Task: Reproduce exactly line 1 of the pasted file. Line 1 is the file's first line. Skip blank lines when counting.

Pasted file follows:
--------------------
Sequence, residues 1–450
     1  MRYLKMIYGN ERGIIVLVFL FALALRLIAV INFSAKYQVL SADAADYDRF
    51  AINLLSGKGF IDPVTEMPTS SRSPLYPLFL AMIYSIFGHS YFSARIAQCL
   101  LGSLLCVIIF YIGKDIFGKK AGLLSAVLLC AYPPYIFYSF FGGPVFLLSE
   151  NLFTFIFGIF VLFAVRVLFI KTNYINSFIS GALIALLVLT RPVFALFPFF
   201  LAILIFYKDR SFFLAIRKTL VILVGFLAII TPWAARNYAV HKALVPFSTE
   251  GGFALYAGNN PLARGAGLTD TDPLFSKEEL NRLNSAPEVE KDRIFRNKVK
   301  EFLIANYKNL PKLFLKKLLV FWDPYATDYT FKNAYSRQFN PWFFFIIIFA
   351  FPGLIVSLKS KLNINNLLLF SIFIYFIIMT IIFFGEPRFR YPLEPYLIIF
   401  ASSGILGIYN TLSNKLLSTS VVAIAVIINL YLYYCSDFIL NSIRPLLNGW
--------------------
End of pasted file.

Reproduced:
Sequence, residues 1–450